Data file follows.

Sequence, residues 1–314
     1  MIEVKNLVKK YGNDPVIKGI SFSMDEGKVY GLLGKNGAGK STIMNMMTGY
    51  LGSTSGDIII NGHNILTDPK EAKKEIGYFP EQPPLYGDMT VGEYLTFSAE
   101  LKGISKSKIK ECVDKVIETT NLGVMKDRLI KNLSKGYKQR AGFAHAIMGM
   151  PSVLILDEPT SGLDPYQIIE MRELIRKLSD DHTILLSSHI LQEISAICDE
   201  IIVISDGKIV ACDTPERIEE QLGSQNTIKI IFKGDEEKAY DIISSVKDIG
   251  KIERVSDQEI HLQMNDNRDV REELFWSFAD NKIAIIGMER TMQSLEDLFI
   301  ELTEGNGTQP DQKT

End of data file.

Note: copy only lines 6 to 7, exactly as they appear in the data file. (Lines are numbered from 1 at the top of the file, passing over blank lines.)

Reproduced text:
   201  IIVISDGKIV ACDTPERIEE QLGSQNTIKI IFKGDEEKAY DIISSVKDIG
   251  KIERVSDQEI HLQMNDNRDV REELFWSFAD NKIAIIGMER TMQSLEDLFI